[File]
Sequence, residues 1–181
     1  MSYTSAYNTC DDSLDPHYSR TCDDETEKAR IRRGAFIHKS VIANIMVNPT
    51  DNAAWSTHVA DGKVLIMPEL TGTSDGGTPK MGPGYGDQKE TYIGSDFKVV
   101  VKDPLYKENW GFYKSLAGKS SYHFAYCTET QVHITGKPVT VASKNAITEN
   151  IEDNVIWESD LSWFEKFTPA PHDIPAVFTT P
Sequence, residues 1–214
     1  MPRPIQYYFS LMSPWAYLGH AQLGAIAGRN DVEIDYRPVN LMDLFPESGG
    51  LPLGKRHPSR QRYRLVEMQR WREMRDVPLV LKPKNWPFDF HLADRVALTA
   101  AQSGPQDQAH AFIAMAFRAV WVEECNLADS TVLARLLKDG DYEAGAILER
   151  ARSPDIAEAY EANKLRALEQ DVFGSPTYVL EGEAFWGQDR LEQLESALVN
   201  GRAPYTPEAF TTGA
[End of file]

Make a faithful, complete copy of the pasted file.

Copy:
Sequence, residues 1–181
     1  MSYTSAYNTC DDSLDPHYSR TCDDETEKAR IRRGAFIHKS VIANIMVNPT
    51  DNAAWSTHVA DGKVLIMPEL TGTSDGGTPK MGPGYGDQKE TYIGSDFKVV
   101  VKDPLYKENW GFYKSLAGKS SYHFAYCTET QVHITGKPVT VASKNAITEN
   151  IEDNVIWESD LSWFEKFTPA PHDIPAVFTT P
Sequence, residues 1–214
     1  MPRPIQYYFS LMSPWAYLGH AQLGAIAGRN DVEIDYRPVN LMDLFPESGG
    51  LPLGKRHPSR QRYRLVEMQR WREMRDVPLV LKPKNWPFDF HLADRVALTA
   101  AQSGPQDQAH AFIAMAFRAV WVEECNLADS TVLARLLKDG DYEAGAILER
   151  ARSPDIAEAY EANKLRALEQ DVFGSPTYVL EGEAFWGQDR LEQLESALVN
   201  GRAPYTPEAF TTGA